John Lennon

Pencil Portrait by Antonio Bosano.

John Lennon Pencil Portrait
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Last update: 7/12/15

This portrait is from a 1966 photo, a period of deep unhappiness in Lennon’s life during which his suburban domesticity with first wife Cynthia was being punctuated by vacuous ‘one night stands’, interesting affairs,’ and the endless grind of “Beatlemania.” He was experimenting with hard contact lenses at this point in his life to counteract his chronic myopia. Like many people he was constantly losing them; hence the introduction of the national health spectacles the following year.

This is one of the harder commentaries for me to write because professionally Lennon is one of my all time heroes, and yet I cannot consistently make excuses for the man.

It’s fair to say that he was an artist in the truest sense of the word – a musician, songwriter, filmmaker, poet and painter. It’s also fair to say that he could have emerged in any one of these mediums as a star, although I would perhaps question his “traditional” artistic talent as he did not publish any conventional “still life” work. McCartney maintains that his partner never veered too far from grotesque yet hilarious caricatures, whilst his erotic lithographs give us no further clues as to the true limitations of his ability in this area.

I’m nitpicking though, for it’s fair to say that the rock industry misses someone of his stature. It was clear to Maureen Cleave of the London Evening Standard that he was extensively reading by 1966, and as if to prove his assertion at the time that “Jesus was alright but his disciples were ‘thick and ordinary’ the Vatican saw fit in 2008 to publicly pardon his religious comment that The Beatles were (quote) “more popular than Jesus”. Once again it appeared as if all too many people had completely missed the point. As Lennon himself admitted “If I’d said television was more popular I might have got away with it.” During the course of a “Beatles – Reporting ’66” TV news item (available via YouTube), one young American fan stands apart from her teenage peers seeing neither any need to 1) burn her Beatle records nor 2) denounce Lennon as a heretic. She actually gets the gist of his message that Christianity and organised religion were in decline and that Lennon was deploring a fact that was (quote) “more true for England than perhaps over here”. I doubt he would ordinarily have drawn any distinction between the two countries but he was due to appear in performance in the Bible Belt shortly afterwards, a region previously referred to as “nut country” by President Kennedy so he will have been frightened.

Lennon wrote of his hurt and anger over the public’s reaction to his love affair with Yoko in his book “Skywriting by word of mouth” which was posthumously issued in 1986. There had only been one previous high profile mixed ethnic marriage in show business, namely John Dankworth and Cleo Laine and they suffered nothing similar by way of vitriolic press coverage. Yoko was described as “ugly” which she most certainly is not. Compare her wedding outfit in 1969 to an appearance at the 1981 Grammy awards in a charming white design and a considerably shorter hairstyle, and you have the contrasted visual ingredients in place for a much less antagonistic individual. But that’s our problem. At the end of the day, the hate campaign against her would have driven any sane man to seek refuge in another country. This is the British psyche though. We build our idols up and then destroy them with some considerable relish. The appalling treatment of Elton John by the Sun newspaper in the late 80’s was a point in question. In America provided they behave themselves entertainment stars remain venerated until death.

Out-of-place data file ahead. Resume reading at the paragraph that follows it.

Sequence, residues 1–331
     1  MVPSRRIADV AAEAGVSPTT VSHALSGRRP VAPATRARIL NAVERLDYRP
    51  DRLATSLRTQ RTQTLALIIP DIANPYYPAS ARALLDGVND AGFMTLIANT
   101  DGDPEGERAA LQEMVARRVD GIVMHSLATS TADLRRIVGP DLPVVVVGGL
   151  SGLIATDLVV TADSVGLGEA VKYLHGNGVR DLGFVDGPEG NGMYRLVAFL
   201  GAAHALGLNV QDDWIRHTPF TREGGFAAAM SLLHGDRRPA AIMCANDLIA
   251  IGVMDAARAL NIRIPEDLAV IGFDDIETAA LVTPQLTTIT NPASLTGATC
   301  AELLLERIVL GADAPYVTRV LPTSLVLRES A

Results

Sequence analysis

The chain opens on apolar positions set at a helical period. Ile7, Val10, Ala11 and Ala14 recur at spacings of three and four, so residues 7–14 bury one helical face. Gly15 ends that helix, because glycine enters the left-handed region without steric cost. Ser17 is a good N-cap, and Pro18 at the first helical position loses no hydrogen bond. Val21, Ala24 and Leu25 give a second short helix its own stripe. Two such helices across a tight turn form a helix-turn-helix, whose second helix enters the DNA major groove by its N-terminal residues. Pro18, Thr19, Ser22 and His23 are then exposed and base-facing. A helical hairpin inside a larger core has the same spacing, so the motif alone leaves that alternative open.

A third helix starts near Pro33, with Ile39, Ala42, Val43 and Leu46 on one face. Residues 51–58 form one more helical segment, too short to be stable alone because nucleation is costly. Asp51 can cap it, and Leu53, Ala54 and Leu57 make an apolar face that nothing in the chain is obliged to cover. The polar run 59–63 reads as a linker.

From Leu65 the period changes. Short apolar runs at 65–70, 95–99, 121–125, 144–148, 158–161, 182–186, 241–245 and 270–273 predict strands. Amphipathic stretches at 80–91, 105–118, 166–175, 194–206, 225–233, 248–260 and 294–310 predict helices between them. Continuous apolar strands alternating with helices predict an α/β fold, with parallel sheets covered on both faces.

So what are we to make of Lennon the man, from the numerous sources available? Central to any answer is his love for, and treatment of, Yoko Ono. It is evident that by the time of his death at 40, there were still question marks hovering over his marriage. On the plus side he steadfastly refused any record industry entreaties to represent himself as a solo artist prior to releasing Double Fantasy and yet he was still in contact with Man Pang, his paramour from the mid 70’s. Throughout his years with Yoko, he displayed an inability to put his priorities in order, and seemingly bowed to subtle pressure from his wife over very important issues upon which he should have stood his ground. Failure to see his son from his first marriage for nearly three years, whilst seemingly prepared to trawl the four corners of the globe searching for his stepdaughter Kyoko, is a point in question. Such ‘commitment to the cause’ probably maintained domestic tranquillity at home if my “reading of women” is correct, but the experience will have done nothing for Lennon. In her worst moments Yoko may have felt her husband should also experience estrangement from a child, a natural but misguided emotion borne out of frustration. Perhaps there were heightened emotional scenes over this familial unhappiness but we should not presume for the ability to forge a new life and to neglect children from previous liaisons is a common and deplorable behavioural theme in men’s lives. There is also the suspicion that the longer Lennon remained estranged from his son the harder the thought of effecting reconciliation became.